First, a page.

Definitions

from The American Heritage® Dictionary of the English Language, 5th Edition.

  • noun A gladiolus.
  • adjective Experiencing or exhibiting joy and pleasure.
  • adjective Appreciative.
  • adjective Providing joy and pleasure.
  • adjective Very willing; pleased.
  • transitive & intransitive verb To gladden.

from The Century Dictionary.

  • noun Gladness.
  • To make glad; gladden.
  • To be glad; rejoice.
  • Smooth; level; open. Compare glade.
  • Acting smoothly or freely; moving easily: as, a glad door or bolt.
  • In good condition; thriving.
  • Shining; bright; cheerful; wearing the appearance of joy: as, a glad countenance.
  • Feeling joy, pleasure, or satisfaction, especially with reference to some particular event; pleased; gratified; well contented; joyful: rarely used attributively in this sense, but usually in the predicate, where it is used absolutely or followed by of or at, or by an infinitive with to: as, to be glad of an opportunity to oblige a friend.
  • Causing joy or pleasure; giving satisfaction; pleasing.
  • Synonyms Joyous, delighted, animated, exhilarated.
  • Gladsome, cheering, exhilarating, animating. See gladness.

from the GNU version of the Collaborative International Dictionary of English.

  • transitive verb To make glad; to cheer; to gladden; to exhilarate.
  • adjective Pleased; joyous; happy; cheerful; gratified; -- opposed to sorry, sorrowful, or unhappy; -- said of persons, and often followed by of, at, that, or by the infinitive, and sometimes by with, introducing the cause or reason.
  • adjective [Colloq.] glad of it.
  • adjective Wearing a gay or bright appearance; expressing or exciting joy; producing gladness; exhilarating.
  • intransitive verb obsolete To be glad; to rejoice.

from Wiktionary, Creative Commons Attribution/Share-Alike License.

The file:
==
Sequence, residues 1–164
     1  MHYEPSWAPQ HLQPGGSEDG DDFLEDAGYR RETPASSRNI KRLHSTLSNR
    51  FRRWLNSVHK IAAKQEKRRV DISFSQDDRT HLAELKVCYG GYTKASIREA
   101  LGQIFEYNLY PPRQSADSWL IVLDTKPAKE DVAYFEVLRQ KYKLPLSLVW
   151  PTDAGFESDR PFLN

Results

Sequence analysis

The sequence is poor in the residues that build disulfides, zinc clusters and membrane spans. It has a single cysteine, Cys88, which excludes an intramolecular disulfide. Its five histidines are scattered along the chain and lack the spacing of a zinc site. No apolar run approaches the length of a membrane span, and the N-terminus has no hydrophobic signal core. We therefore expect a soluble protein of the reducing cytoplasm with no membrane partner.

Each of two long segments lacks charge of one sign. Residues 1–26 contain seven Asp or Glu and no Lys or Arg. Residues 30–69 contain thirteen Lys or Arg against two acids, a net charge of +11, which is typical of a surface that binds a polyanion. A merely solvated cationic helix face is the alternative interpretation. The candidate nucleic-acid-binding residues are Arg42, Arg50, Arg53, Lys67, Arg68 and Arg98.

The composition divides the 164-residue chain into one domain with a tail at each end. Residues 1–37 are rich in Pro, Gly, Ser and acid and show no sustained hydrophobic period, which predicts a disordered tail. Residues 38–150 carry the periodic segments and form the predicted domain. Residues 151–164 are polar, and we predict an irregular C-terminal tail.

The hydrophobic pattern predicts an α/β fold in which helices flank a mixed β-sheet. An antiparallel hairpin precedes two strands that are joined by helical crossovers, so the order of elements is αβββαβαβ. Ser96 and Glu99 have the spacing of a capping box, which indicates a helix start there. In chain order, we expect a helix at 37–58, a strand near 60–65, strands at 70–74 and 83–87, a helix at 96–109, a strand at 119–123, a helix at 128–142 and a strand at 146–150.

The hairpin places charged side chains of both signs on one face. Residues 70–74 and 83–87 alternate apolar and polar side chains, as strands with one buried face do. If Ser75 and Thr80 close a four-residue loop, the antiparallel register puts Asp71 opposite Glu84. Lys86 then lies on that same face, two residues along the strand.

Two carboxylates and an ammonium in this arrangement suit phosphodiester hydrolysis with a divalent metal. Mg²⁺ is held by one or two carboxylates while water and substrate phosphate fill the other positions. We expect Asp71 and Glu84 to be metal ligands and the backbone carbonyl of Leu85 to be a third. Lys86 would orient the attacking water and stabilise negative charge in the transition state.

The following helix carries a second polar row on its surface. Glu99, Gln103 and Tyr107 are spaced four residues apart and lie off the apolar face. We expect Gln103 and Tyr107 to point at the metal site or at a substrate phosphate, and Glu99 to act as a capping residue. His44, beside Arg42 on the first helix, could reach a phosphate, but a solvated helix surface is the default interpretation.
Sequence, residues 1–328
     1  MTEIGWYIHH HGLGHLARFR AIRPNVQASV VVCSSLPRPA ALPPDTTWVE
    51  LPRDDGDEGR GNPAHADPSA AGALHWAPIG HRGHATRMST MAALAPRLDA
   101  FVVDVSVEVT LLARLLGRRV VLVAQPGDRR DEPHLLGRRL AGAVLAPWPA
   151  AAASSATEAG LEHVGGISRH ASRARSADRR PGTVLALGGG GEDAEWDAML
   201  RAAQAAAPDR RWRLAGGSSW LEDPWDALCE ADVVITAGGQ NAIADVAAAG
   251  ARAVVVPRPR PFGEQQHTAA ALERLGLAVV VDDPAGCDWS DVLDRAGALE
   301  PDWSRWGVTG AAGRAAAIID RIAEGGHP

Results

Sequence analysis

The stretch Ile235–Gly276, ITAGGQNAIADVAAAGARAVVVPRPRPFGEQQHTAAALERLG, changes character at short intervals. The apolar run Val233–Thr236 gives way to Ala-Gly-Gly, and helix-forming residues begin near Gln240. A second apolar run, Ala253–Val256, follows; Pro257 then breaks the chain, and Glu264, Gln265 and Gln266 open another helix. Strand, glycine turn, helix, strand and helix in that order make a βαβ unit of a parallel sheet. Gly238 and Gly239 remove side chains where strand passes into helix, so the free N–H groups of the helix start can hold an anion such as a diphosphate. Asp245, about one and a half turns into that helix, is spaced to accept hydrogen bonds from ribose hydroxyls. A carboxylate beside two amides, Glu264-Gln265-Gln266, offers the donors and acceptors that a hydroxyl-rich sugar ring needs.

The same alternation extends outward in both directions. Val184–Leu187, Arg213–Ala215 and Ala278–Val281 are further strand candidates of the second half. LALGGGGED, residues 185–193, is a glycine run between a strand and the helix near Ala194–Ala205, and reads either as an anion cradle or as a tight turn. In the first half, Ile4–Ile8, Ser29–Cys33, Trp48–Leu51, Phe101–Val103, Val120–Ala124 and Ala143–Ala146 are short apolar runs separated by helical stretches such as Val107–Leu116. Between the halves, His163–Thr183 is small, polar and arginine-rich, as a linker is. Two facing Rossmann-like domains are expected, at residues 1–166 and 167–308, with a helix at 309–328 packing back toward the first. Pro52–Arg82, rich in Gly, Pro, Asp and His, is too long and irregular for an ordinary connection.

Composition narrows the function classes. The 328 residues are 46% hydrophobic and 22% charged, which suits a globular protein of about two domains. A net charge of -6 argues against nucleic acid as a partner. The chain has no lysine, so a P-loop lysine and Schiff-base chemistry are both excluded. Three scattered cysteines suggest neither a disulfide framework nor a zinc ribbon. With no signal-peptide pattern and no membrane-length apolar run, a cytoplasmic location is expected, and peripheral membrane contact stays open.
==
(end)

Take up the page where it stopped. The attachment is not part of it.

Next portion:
• adjective pleased, happy, satisfied
  • verb transitive To make glad; to cheer; to gladden; to exhilarate.

from WordNet 3.0 Copyright 2006 by Princeton University. All rights reserved.

  • adjective showing or causing joy and pleasure; especially made happy
  • adjective eagerly disposed to act or to be of service
  • adjective feeling happy appreciation
  • noun any of numerous plants of the genus Gladiolus native chiefly to tropical and South Africa having sword-shaped leaves and one-sided spikes of brightly colored funnel-shaped flowers; widely cultivated
  • adjective cheerful and bright

Etymologies

from The American Heritage® Dictionary of the English Language, 4th Edition

[Middle English, from Old English glæd; see ghel- in Indo-European roots.]

from Wiktionary, Creative Commons Attribution/Share-Alike License

From Old English glæd

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Examples

  • "I'm glad -- _glad_ you couldn't, dear," she whispered.

    The Hermit of Far End

  • "I'm glad -- glad -- _glad_ you're going away!" she exclaimed passionately.

    The Lamp of Fate

  • Usually her repentance came quickly after one rash deed, but now Tom and Lucy had made her so miserable, she was glad to spoil their happiness, —glad to make everybody uncomfortable.

    X. Maggie Behaves Worse Than She Expected. Book I—Boy and Girl

  • "Oh," said she, under her breath, "I'm glad -- so _glad! _"

    Queed

  • She remembered with naughty satisfaction how rain invariably straightened Jennie Perkins's frizzes, and was glad, _glad_ that it did.

    Ladies-In-Waiting

  • She felt glad, actually _glad_ that Cornelia was coming!

    Flaming June

  • She 'lows she's glad she kem -- _so glad_ she hev lef Abs'lom fur good an' all -- an 'then she busts out a-cryin' agin.

    His "Day In Court" 1895

  • Oh, Teddy, "cries Molly Bawn, suddenly, and without a word of warning, bursting into a passion of tears, and flinging herself into his willing arms," are you not glad -- _glad_ -- that we belong to each other again? "

    Molly Bawn

  • I'm so glad, glad, _glad_ to come back to the dear hopes, after I thought I'd lost them! "

    Miss Pat at Artemis Lodge

  • JEANNE MOOS, CNN CORRESPONDENT (voice-over): This is what they call glad handing.

    CNN Transcript Jul 18, 2008

Comments

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  • (spoken of doors, bolts &c., that go smoothly or easily) This bolt is glad, or moves gladly. - an old provincial usage from the north of England.

    May 2, 2011